Skip to main content

Throwback Review: Persuasion

Throwback review from February 2014:

Persuasion is a classic novel (that hopefully all bibliophiles have heard of) by Jane Austen.

This was the only Austen novel I had yet to read – and I had to fix that!

Anne Elliot is seven and twenty and not yet married.

Eight years ago she had been in love. She had been engaged.

But as he was a poor, lowly Royal Navy man, her family and friends persuaded Anne to break it off with Captain Wentworth.

She is still unmarried – because she knows she will never love another man as she loved him.

When circumstances throw them together again, Anne finds it difficult to ignore the searing pain of seeing him – the look of low regard in his eyes that she has resigned herself to deserve.

And yet – is there hope?

Her heartbreak all these years later leads her to realize that her feelings are no less deep – and the persuasion that led her to give him up all those years ago could not touch her now… if he would only have her once more.

Oh wow.

It’s been a while since I’ve read Jane Austen – I seriously need to carve out some rereading time, people! – but my vivid memories of adoring her novels was reignited with Persuasion.

The amazing prose and language that is impossible to rush, improbable to imitate, takes my breath away.

There’s this universally understood tone of melancholy – no matter the fact that Persuasion was published almost two hundred years ago. Jane Austen infused this story (and all of them, let’s be frank) with such a heady sense of emotional realism – of passion and love.

Here, though, unlike her other novels – Persuasion is a story of heartbreak and strong, painful emotions. Love lost, time passed, and an older heroine. There’s a maturity and a yearning to Persuasion that swept me away.

I. Loved. It.

This is an epic love story – a beautiful novel. Fantastic, colorful, personality-filled family elements, social scenes, and the core of loneliness in our poor, solitary Anne’s soul led me to feel for her deeply.

If you haven’t yet read Persuasion – well, you need to!!!!!

Right. Now.

Comments

Popular posts from this blog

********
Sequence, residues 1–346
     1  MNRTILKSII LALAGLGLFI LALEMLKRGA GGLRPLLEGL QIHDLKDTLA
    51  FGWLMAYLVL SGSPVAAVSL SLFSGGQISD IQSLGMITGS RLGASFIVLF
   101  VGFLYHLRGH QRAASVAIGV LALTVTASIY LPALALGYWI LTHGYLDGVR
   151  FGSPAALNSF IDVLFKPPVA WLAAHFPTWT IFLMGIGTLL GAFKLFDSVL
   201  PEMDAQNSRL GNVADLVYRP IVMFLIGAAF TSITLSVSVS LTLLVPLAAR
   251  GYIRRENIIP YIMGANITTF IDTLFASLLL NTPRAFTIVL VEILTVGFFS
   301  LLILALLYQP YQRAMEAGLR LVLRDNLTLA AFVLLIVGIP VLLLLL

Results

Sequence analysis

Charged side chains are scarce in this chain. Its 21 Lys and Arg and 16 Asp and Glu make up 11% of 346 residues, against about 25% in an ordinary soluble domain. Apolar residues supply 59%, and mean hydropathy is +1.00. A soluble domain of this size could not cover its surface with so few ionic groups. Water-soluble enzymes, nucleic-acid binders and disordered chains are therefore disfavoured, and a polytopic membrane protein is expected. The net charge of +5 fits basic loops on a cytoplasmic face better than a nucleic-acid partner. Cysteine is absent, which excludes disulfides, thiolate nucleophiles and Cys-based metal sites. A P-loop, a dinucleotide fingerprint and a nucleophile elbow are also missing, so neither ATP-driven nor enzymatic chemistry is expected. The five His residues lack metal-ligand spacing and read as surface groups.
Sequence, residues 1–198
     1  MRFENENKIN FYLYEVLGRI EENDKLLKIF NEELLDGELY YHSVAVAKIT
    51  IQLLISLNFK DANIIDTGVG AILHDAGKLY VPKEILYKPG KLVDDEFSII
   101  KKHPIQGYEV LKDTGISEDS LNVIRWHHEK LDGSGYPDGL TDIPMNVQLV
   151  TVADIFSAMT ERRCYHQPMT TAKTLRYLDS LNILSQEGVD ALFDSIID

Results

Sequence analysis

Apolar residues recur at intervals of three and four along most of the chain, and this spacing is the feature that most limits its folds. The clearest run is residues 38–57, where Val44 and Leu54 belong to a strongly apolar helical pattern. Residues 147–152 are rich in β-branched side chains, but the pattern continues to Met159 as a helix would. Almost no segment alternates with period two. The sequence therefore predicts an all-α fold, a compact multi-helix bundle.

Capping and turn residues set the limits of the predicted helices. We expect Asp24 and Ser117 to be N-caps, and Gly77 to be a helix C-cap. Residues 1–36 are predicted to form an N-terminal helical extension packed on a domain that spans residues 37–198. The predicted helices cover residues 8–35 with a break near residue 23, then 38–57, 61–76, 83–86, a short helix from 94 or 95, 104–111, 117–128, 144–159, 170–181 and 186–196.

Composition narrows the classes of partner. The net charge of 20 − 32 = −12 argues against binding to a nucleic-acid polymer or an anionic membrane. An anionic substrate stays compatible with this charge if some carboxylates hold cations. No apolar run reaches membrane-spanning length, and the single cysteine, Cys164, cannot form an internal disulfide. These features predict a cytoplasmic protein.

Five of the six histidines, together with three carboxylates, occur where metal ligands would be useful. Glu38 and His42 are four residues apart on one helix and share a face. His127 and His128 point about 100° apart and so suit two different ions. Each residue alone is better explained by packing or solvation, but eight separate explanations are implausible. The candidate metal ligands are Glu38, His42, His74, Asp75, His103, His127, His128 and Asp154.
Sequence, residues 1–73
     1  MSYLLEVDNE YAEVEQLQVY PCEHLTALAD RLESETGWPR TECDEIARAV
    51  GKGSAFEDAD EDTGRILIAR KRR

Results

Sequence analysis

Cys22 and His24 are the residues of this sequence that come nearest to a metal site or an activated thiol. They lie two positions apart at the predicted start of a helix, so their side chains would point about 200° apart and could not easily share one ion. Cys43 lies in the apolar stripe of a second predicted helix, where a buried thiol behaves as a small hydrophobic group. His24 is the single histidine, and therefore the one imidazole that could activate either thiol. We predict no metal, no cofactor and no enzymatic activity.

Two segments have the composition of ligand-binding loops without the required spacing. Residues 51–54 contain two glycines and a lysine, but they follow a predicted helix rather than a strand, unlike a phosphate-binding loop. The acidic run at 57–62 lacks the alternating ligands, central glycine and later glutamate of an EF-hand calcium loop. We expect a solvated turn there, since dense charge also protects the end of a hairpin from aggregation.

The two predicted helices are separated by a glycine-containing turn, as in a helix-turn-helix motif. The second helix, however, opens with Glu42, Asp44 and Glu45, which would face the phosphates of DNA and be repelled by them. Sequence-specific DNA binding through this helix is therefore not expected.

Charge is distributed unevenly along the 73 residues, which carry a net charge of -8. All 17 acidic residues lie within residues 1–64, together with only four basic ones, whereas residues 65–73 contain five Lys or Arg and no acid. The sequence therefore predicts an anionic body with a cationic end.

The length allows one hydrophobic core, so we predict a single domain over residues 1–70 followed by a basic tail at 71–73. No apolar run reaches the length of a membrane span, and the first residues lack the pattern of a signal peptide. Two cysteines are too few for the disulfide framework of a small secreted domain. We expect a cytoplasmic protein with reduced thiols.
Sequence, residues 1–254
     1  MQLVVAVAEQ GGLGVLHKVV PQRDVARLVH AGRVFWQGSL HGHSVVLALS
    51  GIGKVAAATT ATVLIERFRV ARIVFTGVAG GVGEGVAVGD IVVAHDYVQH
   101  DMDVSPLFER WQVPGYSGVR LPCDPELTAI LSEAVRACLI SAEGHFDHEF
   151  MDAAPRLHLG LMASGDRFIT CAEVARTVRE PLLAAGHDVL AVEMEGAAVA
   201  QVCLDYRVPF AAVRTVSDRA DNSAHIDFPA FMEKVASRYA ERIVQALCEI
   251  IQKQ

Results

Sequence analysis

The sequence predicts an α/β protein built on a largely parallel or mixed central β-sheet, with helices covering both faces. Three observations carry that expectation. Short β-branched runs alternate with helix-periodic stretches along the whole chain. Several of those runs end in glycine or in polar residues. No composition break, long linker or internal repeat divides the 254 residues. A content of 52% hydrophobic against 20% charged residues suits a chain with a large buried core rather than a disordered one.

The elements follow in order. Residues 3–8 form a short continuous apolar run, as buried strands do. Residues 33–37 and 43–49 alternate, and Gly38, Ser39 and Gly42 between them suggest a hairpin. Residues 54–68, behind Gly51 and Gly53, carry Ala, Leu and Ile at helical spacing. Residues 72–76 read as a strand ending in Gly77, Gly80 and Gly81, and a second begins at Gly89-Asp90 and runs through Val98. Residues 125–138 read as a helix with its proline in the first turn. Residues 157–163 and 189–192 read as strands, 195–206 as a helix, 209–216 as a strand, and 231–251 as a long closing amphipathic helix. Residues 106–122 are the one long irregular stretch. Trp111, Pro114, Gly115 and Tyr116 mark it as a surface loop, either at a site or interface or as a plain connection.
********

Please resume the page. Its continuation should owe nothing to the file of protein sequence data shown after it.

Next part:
Real Live Boyfriends

Real Live Boyfriends is a YA contemporary novel by E. Lockhart, and the fourth novel in the Ruby Oliver quartet.

Here we are on the last day of “Ruby Oliver Week” and if you aren’t already reading these books – well, why not?

But I’m more than sure most of you are – and hopefully you’re all caught up, and therefore not at risk of being spoiled by my review of Real Live Boyfriends. You’ve been warned!

Ruby Oliver is beginning her senior year of high school with a real live boyfriend: Noel.

At least she thought she was.

After having spent the rest of junior year and the beginning of summer being fully in love (okay, they never actually said the word, but the vibes were strongly in that direction), Ruby is now confused.

Again.

When Noel went to visit his brother in New York for a while, almost every day they talked on the phone and exchanged funny emails. She never once felt insecure.

Until all of a sudden – communication stopped. Ruby would call and he wouldn’t answer. She’d leave a voice mai…

Titanic: S.O.S.

S.O.S. is the third and final book in Gordon Korman's middle-grade Titanic trilogy.

This is the third book in a trilogy, book addicts! You must, I repeat, must read the first two books (Unsinkable and Collision Course) before you read this review. Otherwise you are just going to ruin all the twists! Sure, we know the Titanic sinks - but the surprises that are revealed about our characters, among other things, should not be spoiled!

But all of you that have read the first two books (which I hope are many of you, because this a great series), can rest assured that I won't spoil anything from S.O.S. itself - just a basic recap and my opinion.

Here goes:

The Titanic is sinking. No one wants to believe it, but the bow is almost imperceptibly starting to dip into the freezing Atlantic Ocean - and our four main characters are thrown into a race for survival.

Paddy is locked up below deck, having finally been caught as a stowaway. In one cell over are the very criminals that wish him dead…

Interview with Joanna Philbin!

Today we have an extra special guest! Joanna Philbin, author of The Daughters series, is here to tell us about the fourth and (*sniff*) final book in the series - The Daughters Join the Party - as well as answer some other questions!

Welcome to the Bibliophile Support Group, Joanna! We're happy to have you!

So, for anybody who hasn't read the first three books in The Daughters series (read my reviews here: The Daughters, The Daughters Break the Rules, The Daughters Take the Stage) can you give everybody a general idea of what they're about?

Lizzie, Carina, and Hudson are best friends who are normal fourteen year-old girls in almost every way. Except for one: each girl has a parent who is incredibly famous. And her parent’s fame complicates her life in a big way. Lizzie’s mom is a supermodel, but Lizzie isn’t what most people would call “beautiful” – in fact, she’s what most people might call “unusual-looking.” How do you deal with having a supermodel mother when you don’t …